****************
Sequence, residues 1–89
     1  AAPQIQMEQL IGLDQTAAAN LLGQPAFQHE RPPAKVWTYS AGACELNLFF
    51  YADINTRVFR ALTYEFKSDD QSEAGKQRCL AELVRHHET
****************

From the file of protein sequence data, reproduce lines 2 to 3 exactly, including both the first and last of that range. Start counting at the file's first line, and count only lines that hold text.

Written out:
     1  AAPQIQMEQL IGLDQTAAAN LLGQPAFQHE RPPAKVWTYS AGACELNLFF
    51  YADINTRVFR ALTYEFKSDD QSEAGKQRCL AELVRHHET